The de-Moivre–Laplace theorem is a special case of the following so-calledcentral limit theorem, which can be used in a more general case.

460 480 500 520 540

0.005 0.010 0.015 0.020 0.025

Figure 15: The distribution of binom(n, p) with n = 1000 and p = 1/2 (blue) and the
density function of N(µ, σ^{2}) withµ= 500 and σ = 15.81 (red).

Theorem 9.4 (Central limit theorem). Let be X1, X2, . . . a sequence of independent and
identically distributed random variables with finite standard deviation and let S_{n} :=X_{1}+

· · ·+X_{n}. Then we have for all a, b∈R∪ {±∞}, a < b

n→∞lim P(a ≤S_{n} ≤b) = P(a≤X ≤b),
where X ∼ N(µ, σ^{2}), with

µ= E(S_{n}) and σ =D(S_{n}).

Using the properties of the expectation and the variance, we can express the above quantities with the common expectation E(X) and common standard deviation D(X).

Indeed,

E(S_{n}) = E(X_{1}+· · ·+X_{n}) = E(X_{1}) +· · ·+ E(X_{n}) = nE(X),
and

Var(S_{n}) = Var(X_{1} +· · ·+X_{n}) = Var(X_{1}) +· · ·+ Var(X_{n}) = nVar(X),
D(Sn) = p

Var(Sn) = p

nVar(X) = √

nD(X).

As a consequence, we can give an approximate answer for probabilities P(a ≤ S_{n} ≤ b)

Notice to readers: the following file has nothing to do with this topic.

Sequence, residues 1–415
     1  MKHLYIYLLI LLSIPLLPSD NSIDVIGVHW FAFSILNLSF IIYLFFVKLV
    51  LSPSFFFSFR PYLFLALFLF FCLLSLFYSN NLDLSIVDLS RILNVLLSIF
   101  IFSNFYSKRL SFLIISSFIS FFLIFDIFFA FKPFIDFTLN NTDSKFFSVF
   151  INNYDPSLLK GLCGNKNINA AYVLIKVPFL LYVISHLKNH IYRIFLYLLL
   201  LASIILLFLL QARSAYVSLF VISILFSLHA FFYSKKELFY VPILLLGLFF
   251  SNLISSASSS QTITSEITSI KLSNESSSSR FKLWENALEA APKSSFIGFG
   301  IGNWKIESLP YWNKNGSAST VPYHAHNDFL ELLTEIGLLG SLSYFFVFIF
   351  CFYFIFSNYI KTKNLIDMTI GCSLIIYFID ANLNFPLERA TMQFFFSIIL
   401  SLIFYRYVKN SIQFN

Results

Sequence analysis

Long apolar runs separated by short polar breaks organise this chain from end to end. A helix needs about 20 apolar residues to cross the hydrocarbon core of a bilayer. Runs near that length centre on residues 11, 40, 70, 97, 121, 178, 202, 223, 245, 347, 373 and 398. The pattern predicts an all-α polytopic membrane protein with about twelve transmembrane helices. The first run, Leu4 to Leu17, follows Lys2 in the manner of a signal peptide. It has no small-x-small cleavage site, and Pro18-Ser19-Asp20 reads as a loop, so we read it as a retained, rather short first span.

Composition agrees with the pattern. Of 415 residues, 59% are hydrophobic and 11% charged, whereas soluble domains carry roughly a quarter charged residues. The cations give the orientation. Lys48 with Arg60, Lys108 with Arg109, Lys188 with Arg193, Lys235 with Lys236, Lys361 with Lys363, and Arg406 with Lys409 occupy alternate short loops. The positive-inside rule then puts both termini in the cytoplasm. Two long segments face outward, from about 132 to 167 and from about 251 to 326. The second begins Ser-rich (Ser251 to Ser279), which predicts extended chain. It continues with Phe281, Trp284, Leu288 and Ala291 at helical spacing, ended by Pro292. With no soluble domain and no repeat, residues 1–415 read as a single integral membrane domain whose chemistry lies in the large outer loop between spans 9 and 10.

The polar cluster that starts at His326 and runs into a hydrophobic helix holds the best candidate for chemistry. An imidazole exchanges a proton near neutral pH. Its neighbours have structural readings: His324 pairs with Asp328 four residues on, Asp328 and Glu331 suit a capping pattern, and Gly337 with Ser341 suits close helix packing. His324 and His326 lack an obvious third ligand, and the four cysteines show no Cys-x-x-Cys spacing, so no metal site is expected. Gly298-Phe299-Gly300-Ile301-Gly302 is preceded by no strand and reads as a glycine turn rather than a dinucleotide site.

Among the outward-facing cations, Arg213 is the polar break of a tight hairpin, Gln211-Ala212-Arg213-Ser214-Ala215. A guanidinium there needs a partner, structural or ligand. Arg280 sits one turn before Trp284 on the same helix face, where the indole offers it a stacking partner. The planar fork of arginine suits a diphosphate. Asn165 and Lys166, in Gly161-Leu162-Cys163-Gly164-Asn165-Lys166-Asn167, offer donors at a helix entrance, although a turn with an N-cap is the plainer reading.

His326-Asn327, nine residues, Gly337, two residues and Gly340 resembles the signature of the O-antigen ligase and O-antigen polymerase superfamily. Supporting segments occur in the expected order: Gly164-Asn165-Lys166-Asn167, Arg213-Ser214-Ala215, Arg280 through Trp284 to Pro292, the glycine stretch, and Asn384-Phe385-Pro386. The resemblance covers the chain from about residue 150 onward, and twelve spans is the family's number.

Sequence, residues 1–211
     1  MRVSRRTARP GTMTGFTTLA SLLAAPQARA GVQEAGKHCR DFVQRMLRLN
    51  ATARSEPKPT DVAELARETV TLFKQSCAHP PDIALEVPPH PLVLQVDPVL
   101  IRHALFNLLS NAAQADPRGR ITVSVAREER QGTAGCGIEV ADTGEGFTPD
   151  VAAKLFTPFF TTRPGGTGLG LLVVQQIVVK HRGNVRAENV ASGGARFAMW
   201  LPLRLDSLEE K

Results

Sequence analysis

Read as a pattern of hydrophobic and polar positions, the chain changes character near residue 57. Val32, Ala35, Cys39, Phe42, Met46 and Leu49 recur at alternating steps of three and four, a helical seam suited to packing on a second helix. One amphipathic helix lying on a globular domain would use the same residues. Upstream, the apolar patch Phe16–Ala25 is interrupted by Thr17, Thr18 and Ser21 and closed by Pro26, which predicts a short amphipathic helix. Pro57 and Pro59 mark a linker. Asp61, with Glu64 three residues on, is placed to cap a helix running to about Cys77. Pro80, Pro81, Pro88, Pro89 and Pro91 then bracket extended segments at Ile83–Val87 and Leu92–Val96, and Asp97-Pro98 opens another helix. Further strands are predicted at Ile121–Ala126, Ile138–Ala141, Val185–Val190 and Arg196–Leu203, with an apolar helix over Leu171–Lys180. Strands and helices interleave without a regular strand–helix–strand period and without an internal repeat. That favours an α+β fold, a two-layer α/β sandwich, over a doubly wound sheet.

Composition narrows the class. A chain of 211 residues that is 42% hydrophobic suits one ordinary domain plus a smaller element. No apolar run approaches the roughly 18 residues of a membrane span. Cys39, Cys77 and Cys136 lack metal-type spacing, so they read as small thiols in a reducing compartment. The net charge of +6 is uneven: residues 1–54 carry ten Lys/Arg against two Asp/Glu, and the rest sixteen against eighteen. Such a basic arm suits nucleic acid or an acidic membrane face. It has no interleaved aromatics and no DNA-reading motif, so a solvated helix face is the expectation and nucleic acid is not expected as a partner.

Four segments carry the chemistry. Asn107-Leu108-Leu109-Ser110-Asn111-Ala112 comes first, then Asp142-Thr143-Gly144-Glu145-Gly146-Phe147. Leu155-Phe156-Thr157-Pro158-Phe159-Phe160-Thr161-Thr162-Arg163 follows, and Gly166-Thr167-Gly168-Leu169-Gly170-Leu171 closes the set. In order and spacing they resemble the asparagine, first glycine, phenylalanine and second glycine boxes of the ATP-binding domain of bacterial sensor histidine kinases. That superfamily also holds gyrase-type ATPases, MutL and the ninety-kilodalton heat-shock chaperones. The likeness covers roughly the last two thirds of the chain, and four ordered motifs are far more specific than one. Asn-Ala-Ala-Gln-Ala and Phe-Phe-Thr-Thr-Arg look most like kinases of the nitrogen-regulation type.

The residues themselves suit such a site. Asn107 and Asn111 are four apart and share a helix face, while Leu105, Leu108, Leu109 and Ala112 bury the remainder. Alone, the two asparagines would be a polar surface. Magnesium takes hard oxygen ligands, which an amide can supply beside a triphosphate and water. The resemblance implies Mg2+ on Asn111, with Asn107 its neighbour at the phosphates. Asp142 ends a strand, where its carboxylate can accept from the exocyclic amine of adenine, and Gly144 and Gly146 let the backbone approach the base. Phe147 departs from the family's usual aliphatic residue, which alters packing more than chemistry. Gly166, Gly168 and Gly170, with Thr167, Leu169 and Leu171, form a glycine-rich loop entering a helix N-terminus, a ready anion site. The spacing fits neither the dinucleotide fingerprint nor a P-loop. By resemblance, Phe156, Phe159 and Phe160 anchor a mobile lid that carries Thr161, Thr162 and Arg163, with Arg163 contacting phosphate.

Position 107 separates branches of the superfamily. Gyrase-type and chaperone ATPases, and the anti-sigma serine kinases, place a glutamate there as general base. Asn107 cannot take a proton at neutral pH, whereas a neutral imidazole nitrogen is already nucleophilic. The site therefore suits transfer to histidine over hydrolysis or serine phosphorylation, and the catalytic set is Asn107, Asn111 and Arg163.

using the central limit theorem, if Sn is a sum of independent and identically distributed
random variables and ifn is large enough (e.g. if n >100 is a good rule of thumb).

The de–Moivre–Laplace theorem is a special case of the central limit theorem if the common distribution of Xi is Bernoulli and hence Sn is a binomial distributed variable.

The strength of the central limit theorem is that we do not have to know the distribution of the summands to approximate probabilities connected to the sum. It is enough to know the expectation and the standard deviation. To illustrate this result, we plot the case if X has uniform distribution on the interval [0,1] with n = 2 and n = 4, see Figure 16 and Figure 17.

0.5 1.0 1.5 2.0

0.2 0.4 0.6 0.8 1.0

Figure 16: The density function of S_{2} (blue) and the corresponding normal distribution
(red).

1 2 3 4 0.1

0.2 0.3 0.4 0.5 0.6 0.7

Figure 17: The density function of S_{4} (blue) and the corresponding normal distribution
(red).

Answer: Denote by X the amount of a single loss. Then E(X) = 300, D(X) = 50 and
S_{100} =X_{1}+. . . X_{100}. Hence using the central limit theorem, we get

P(29000≤S_{100} ≤31000)≈P(29000≤Y ≤31000),
where Y ∼ N(µ, σ^{2}) with µ=nE(X) = 100·300 = 30000 and σ =√

nD(X) = 10·50 = 500. Finally, this probability can be calculated after standardization, so

P(29000≤Y ≤31000) = 0.9545.

Further readings: